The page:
Looking Back

‘Holdap’ in 1899


On my recent trip to Hong Kong, I made the rounds of the places associated with Rizal and wondered: Where did Emilio Aguinaldo live? Where did Gregorio del Pilar live? There must be many more places in Hong Kong linked to our history or historical figures. All this made me wonder about the archives of the Hongkong Shanghai Banking Corporation or HSBC, which was not just Rizal’s bank of choice but also one of the banks where Aguinaldo deposited part of the money given him after the signing of the Pact of Biak-na-Bato in 1897. We all know that in 1898 Aguinaldo was sued by Isabelo Artacho who wanted his share of the loot. To avoid a subpoena, Aguinaldo fled to Singapore. What really happened to the money is one of the mysteries of Philippine history.

Artacho returned to the Philippines in 1898 and was promptly arrested, tried and sentenced to death, but Aguinaldo refused to sign the order of execution. In June 1899, Primitivo Artacho, brother of Isabelo, escaped from a prison in Malagasan, Imus and fell into the hands of the Americans who detained him on suspicion that he was the treasurer of the Aguinaldo government because of a treasure basket he was carrying. Primitivo related:

An “…American came to the ditch and my wife and servant on seeing them began to run away, and I was left alone making signal with a handkerchief to the Americans who on seeing me called. I could not go and meet them, because I could not abandon the basket, where the money and the jewels were. Soon after, four soldiers aimed their arms (weapons) at me. In consequence, I knelt down and they stroked (struck?) me with the butt of their arms and pierced me with their bayonets. Afterwards they caught me by the arms and took me out of the ditch. Once there, they ordered me to lay down and examined to see if I had any arms. Afterwards, they obliged me to bring up the basket from the ditch where the valu[ables] were. The $1,000 in gold were in a small bag and there were coins of $2 of Spain, equal to $2,000. One thousand dollars in banknotes, in a small box and wrapped in a cover, $500 silver, wrapped in canvas. The jewels in a small lady bag of black lacquer consisted of: two diamond rings with three stones in each, one gold ring with pearls, a brooch with seven diamonds, a pair of gold earrings with three diamonds, two rosaries of gold and pearls, and one brilliant comb with some pearls.

“From there, two of them took me to the main road where I was brought before their chief, who was on horseback and who, after speaking to one of the men, asked the following: ‘Are you the cashier of Aguinaldo?’ And while questioning me one of those who accompanied me gave me a slap in the face, saying to put down my face. I answered, ‘No, Sir, I [was] one year in the Aguinaldo [prison].’ In that moment of speaking, I saw and heard a soldier put the basket in which the valuables were, in the carriage of the Red Cross which was by my side. Afterwards, I was put in the charge of four soldiers and the[y] compelled me to drive the carriage as used by the Filipinos, where the dead and wounded soldiers were. During the way, said soldiers menaced me to strike with the butt and barrel of their arms, believing that I was the cashier of Aguinaldo…”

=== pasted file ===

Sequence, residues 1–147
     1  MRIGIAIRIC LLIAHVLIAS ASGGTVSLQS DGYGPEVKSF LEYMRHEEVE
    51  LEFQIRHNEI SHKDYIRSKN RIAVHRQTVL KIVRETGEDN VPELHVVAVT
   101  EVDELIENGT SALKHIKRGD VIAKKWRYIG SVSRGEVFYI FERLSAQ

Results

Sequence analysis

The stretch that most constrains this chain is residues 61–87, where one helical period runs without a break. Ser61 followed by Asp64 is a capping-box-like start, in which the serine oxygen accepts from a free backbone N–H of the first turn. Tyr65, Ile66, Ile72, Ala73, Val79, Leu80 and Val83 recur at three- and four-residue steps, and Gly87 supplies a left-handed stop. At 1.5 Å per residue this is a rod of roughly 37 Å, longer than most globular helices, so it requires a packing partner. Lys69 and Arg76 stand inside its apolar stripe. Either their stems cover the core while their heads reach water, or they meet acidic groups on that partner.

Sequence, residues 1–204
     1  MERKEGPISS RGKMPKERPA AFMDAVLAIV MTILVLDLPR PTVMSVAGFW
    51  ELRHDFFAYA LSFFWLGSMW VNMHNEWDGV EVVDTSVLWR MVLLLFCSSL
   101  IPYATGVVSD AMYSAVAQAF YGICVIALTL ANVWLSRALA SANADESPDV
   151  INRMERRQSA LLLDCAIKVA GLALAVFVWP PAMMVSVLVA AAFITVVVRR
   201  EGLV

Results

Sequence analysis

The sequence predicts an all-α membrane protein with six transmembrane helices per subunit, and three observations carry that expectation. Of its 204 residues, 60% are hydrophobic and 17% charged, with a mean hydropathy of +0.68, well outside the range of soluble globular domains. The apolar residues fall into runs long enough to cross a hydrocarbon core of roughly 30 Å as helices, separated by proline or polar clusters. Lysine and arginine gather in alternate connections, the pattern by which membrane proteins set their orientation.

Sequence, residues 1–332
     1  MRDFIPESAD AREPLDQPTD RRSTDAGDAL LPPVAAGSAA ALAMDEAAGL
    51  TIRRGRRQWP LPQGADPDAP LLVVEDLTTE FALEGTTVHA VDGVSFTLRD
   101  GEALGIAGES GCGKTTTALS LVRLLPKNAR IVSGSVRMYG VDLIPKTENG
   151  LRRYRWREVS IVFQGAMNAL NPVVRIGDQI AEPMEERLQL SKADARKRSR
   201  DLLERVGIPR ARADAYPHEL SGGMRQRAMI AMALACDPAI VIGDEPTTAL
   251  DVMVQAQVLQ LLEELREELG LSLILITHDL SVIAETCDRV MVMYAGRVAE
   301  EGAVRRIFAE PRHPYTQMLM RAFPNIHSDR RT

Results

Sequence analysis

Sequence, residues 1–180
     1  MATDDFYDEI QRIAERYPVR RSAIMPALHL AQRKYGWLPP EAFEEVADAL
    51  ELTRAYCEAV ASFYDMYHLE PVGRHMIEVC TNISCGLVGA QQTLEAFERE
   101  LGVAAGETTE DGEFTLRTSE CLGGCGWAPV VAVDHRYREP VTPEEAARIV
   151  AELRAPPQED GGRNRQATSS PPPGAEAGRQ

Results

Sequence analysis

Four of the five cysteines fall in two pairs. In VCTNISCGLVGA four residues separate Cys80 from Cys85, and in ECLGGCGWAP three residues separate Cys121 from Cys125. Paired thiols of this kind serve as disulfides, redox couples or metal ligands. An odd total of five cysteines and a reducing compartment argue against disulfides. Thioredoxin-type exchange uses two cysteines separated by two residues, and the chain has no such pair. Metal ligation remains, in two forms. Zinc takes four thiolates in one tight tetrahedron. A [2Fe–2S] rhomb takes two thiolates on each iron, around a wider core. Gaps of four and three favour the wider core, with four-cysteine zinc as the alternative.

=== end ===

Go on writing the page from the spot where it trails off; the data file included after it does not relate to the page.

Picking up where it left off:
Primitivo was brought to the convent of Imus and strip-searched:

“I was examined again and a watch and silver chain were taken away, also a parcel of $25 silver on coins of 50 cents. In coming out of the door I saw casually, and I am not in doubt, a soldier going up the stairs of the convent with the basket [of valuables]. Having changed (moved?) me to another room, it did not last two minutes before I was again changed (moved?) to another room where Major Matile began to question me with reference to the money, because he did not wish to be convinced that I escaped from (an) Aguinaldo prison, as he was in the firm belief that I was the cashier of the Filipino forces of South Luzon under the order of Baldomero Aguinaldo.”

Moved from room to room and interrogated a number of times, Primitivo was asked the same questions again and again to break his will: Are you the treasurer of the Aguinaldo administration? How much money were you carrying? To all these he replied repeatedly that the money in the basket was his and to be used as bribes for the release or escape of his brother Isabelo who was being held in an Aguinaldo prison. An interpreter was brought in, even a certain Julia from Imus, to identify Primitivo as one of the prisoners in Malagasan.

To cut a long, badly translated, repetitious story short, the treasure basket disappeared and the $25 taken from Primitivo was not returned—purportedly to pay for his board and lodging as a prisoner of the Americans! One soldier testified the money and jewelry found on Primitivo during the strip-search were five or six Mexican silver dollars and a roll of about 25 Mexican half dollars, and two or three dollars worth of loose silver. The treasure basket was unaccounted for.

The first time I read this I concluded that this was Isabelo Artacho’s karma for suing Aguinaldo in Hong Kong in 1898. But on second thought, I realized the above document is a documented case of something we are familiar with today—“holdap” or “hulidap.”

Comments are welcome at aocampo@ateneo.edu

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Tags: History , Hong Kong , Isabelo Artacho

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